Building on the work of Japanese researchers, Scott Chambers and other scientists at Pacific Northwest National Lab (PNNL) think they have a better semiconducting material that one day will lead to faster computing speeds and better data storage. Understanding why the material is better requires an understanding of spintronics—the exploitation of an electron's spin for carrying information. Today's computers use an electron's charge for storing and processing information, which is limited by speed and storage density. Conversely, magnetic storage relies on properties created by an electron's spin. Harnessing the spin creates the possibility of creating new signal processing that could increase speed and data storage densities. What makes Chamber's work on semiconducting materials important is the material's magnetic properties. "Our material has superior magnetic strength," says Chambers. "It's an improvement of nearly a factor of five," he adds. One key to the new material, made from titanium, oxygen, and cobalt, is the technique PNNL scientists use for making it. The method uses atomic beams generated in a vacuum and then directed onto a crystalline surface of strontium titanium where the atoms condense and form a thin film. The magnetic properties were tested and validated by IBM's Almaden Research Center in San Jose, CA. PNNL has turned in an invention report and is pursuing a patent application with the United States Patent and Trademark Office. For more information, call (888) 375-7665 or send e-mail to firstname.lastname@example.org.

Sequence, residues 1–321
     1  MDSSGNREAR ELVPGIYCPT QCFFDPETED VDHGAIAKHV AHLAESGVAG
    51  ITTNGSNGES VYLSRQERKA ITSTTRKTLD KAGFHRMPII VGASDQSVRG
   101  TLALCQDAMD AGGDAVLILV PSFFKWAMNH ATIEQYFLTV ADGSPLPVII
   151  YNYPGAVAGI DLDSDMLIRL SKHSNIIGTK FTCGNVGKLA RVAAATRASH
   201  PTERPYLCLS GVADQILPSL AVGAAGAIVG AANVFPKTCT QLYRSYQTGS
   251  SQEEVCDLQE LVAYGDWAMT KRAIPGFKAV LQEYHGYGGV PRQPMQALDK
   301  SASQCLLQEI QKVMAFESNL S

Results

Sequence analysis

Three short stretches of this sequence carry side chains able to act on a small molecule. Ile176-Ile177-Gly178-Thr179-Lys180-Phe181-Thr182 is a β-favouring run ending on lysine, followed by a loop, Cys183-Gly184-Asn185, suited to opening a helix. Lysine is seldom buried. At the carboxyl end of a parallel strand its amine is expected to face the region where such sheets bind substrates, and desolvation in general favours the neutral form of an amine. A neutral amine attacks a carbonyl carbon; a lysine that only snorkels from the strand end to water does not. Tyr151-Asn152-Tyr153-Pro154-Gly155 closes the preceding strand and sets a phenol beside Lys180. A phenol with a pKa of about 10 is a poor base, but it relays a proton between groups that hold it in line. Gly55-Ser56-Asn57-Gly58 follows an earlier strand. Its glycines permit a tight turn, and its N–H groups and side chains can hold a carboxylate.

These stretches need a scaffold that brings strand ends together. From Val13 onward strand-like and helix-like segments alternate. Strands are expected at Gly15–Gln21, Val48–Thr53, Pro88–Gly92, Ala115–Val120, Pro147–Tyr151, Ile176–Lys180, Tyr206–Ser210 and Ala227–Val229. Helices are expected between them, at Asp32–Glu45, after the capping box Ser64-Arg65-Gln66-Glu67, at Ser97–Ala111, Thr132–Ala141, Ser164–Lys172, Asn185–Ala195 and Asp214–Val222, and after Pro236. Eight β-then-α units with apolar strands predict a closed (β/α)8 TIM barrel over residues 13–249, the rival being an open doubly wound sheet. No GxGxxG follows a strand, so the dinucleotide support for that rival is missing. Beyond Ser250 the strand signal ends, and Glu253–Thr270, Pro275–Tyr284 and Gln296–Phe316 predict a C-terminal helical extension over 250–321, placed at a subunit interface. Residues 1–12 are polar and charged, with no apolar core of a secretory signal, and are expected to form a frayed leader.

An in-depth survey of 700 current and future users of 3D printing holds few surprises, but results emphasize some major trends already in progress. Two standouts are the big growth in end-use parts and metal additive manufacturing (AM) most respondents expect.
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